Column: Student engineers create bionic hands for a boy burned in a horrendous crash
Julian Reynoso is a 10-year-old fourth-grader with big brown eyes and a devilish sense of humor.
When I met him on Saturday, he was sitting on the couch in a cluttered living room in South Los Angeles, playing on his Nintendo Switch. Given that he was severely burned and lost nine fingers last year in a fiery car crash, his motor skills were impressive.
In the kitchen, Julian’s mother, Elizabeth Flores, 34, who was seriously injured in the crash, was fixing his lunch.
Julian’s scars are evident; he was burned over 35% of his body, including his head and neck. He has lost most of his hair, though his thick eyelashes remain. His mother’s scars are less apparent; she suffered a collapsed lung, a torn bowel and terrible bruising.
On this bleak June day, two engineering students from Cal Poly San Luis Obispo were due any minute. Seniors Ryan Kissinger and Austin Conrad were coming down to fit Julian with prosthetic hands, a project they’ve been working on since August.
They arrived with a big black tool box, whose drawers had labels like “bolts,” “thumb,” “socket and finger.” This was their second visit to Julian’s house. The first had been something of a disaster. Almost nothing had worked. But they were not about to give up. They went home and made fixes.
Every year, student teams from the Cal Poly club Quality of Life Plus, or QL+, take on a few projects aimed at improving the lives of people who might be able to use an engineering solution to an extraordinary physical hurdle: a special fin for a competitive swimmer who has lost a leg, a bionic limb for a one-armed nursing student.
Julian came to the attention of QL+ through a Cal Poly student who is a friend of his family. Seventy students applied to be on what they would call the “Midas Project.” Kissinger, the team lead, whittled the number down to eight. For many of those students, creating hands for Julian has become a nearly full-time job, something they are doing in addition to schoolwork. Kissinger was supposed to have graduated this spring. He has put that off for a quarter so he can finish his commitment to Julian.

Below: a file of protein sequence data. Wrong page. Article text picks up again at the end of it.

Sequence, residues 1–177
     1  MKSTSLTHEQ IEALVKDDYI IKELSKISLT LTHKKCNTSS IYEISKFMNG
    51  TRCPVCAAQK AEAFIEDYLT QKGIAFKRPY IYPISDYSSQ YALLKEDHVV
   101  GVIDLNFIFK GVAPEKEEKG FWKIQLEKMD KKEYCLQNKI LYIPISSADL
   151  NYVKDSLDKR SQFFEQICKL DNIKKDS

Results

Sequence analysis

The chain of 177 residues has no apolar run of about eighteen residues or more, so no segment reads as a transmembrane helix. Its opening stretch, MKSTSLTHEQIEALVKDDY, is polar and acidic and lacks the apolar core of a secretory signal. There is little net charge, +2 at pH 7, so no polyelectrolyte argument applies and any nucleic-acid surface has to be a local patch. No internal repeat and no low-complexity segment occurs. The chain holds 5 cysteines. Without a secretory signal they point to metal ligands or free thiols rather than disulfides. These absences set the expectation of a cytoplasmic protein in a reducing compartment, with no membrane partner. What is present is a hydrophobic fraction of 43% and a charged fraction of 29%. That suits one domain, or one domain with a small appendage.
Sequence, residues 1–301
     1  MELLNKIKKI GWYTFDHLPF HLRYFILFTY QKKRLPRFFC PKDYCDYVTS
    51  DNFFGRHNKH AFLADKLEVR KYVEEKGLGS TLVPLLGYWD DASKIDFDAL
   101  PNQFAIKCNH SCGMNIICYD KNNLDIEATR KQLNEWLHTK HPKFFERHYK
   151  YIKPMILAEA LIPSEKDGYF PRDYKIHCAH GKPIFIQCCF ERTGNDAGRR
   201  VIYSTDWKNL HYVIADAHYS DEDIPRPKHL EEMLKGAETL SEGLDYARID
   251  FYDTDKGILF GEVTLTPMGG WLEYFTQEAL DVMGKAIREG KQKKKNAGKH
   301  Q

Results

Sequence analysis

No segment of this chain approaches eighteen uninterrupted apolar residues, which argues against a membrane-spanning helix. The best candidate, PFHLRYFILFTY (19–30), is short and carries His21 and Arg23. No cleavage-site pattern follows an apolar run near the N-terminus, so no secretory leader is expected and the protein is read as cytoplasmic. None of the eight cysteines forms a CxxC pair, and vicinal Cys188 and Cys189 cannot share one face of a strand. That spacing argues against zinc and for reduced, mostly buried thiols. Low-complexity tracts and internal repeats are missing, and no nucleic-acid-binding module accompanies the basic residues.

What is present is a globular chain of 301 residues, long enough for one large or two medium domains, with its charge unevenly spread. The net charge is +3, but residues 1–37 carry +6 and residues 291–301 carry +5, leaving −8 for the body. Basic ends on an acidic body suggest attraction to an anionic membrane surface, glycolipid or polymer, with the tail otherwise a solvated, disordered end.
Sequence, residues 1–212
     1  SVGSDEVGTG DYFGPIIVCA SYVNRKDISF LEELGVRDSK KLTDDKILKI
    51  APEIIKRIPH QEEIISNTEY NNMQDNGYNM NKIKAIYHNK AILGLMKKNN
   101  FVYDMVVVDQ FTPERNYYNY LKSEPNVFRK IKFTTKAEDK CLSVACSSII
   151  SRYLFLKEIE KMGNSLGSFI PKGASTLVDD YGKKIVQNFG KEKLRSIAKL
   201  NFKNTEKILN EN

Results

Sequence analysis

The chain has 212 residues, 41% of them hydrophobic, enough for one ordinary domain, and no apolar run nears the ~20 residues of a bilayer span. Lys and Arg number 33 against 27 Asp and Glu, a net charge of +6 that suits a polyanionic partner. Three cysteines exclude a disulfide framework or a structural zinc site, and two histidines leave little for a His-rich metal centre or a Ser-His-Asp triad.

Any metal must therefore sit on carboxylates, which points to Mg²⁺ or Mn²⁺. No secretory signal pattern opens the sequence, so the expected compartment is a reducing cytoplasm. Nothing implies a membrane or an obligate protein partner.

Julian’s left hand was more severely damaged than his right, so that prosthetic will be far more complicated. The bionic replacement for his left hand will have a battery and tiny motors and little buttons inside that he will be able to activate with the stubs of his fingers to move the 3-D printed fingers. Because the right hand is a simpler mechanism, he tried it on first.
Sitting on the couch between Kissinger and Conrad, Julian slipped his right nub inside the hand they had fashioned for him. It was covered with a black-and-white glove.
With some effort and a big smile, Julian flipped them the bird.
Kissinger and Conrad laughed in relief.
“I don’t have to give you a middle finger, you know!” Kissinger said.
Nothing that mother and son went through was as painful as the loss of three family members who were killed in the crash by a man who has been charged with drunken driving.
Juan Reynoso and Elizabeth had met in Santa Barbara, where Elizabeth was earning her bachelor’s degree in Spanish literature. They were together 12 years. He was a self-employed auto mechanic, who was remodeling the family’s kitchen at the time of his death.
Emma Ginger was 7. The baby, 6-month-old Sebastian, was still nursing.
The living room is filled with Emma’s and Sebastian’s things. Elizabeth, a case manager with the L.A. County Housing Authority, can’t bear to move anything just yet. “In honor of our precious baby Sebastian, we are leaving his baby swing in place,” says a note taped to the swing. “Please do not move.”